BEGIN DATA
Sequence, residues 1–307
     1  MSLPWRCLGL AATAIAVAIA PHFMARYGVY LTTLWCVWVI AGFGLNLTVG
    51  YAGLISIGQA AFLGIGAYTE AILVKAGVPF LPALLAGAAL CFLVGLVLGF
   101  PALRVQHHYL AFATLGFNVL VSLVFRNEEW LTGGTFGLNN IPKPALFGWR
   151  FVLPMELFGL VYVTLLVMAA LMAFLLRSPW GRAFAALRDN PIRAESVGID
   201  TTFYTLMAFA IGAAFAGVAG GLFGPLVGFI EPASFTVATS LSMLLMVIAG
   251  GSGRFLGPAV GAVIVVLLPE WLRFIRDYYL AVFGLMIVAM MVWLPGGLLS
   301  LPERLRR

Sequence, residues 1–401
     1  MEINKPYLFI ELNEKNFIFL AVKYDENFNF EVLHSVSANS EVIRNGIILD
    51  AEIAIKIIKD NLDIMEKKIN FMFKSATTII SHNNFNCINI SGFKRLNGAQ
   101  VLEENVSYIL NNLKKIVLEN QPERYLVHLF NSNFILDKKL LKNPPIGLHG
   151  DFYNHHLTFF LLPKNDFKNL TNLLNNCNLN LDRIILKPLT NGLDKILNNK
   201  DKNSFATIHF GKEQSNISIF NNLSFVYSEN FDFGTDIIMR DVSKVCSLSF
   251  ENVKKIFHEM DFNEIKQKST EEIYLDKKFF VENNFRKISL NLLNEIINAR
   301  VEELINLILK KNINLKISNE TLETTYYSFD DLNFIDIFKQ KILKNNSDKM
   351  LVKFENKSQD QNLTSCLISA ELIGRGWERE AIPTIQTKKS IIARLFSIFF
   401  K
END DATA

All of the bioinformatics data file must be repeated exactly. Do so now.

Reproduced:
Sequence, residues 1–307
     1  MSLPWRCLGL AATAIAVAIA PHFMARYGVY LTTLWCVWVI AGFGLNLTVG
    51  YAGLISIGQA AFLGIGAYTE AILVKAGVPF LPALLAGAAL CFLVGLVLGF
   101  PALRVQHHYL AFATLGFNVL VSLVFRNEEW LTGGTFGLNN IPKPALFGWR
   151  FVLPMELFGL VYVTLLVMAA LMAFLLRSPW GRAFAALRDN PIRAESVGID
   201  TTFYTLMAFA IGAAFAGVAG GLFGPLVGFI EPASFTVATS LSMLLMVIAG
   251  GSGRFLGPAV GAVIVVLLPE WLRFIRDYYL AVFGLMIVAM MVWLPGGLLS
   301  LPERLRR

Sequence, residues 1–401
     1  MEINKPYLFI ELNEKNFIFL AVKYDENFNF EVLHSVSANS EVIRNGIILD
    51  AEIAIKIIKD NLDIMEKKIN FMFKSATTII SHNNFNCINI SGFKRLNGAQ
   101  VLEENVSYIL NNLKKIVLEN QPERYLVHLF NSNFILDKKL LKNPPIGLHG
   151  DFYNHHLTFF LLPKNDFKNL TNLLNNCNLN LDRIILKPLT NGLDKILNNK
   201  DKNSFATIHF GKEQSNISIF NNLSFVYSEN FDFGTDIIMR DVSKVCSLSF
   251  ENVKKIFHEM DFNEIKQKST EEIYLDKKFF VENNFRKISL NLLNEIINAR
   301  VEELINLILK KNINLKISNE TLETTYYSFD DLNFIDIFKQ KILKNNSDKM
   351  LVKFENKSQD QNLTSCLISA ELIGRGWERE AIPTIQTKKS IIARLFSIFF
   401  K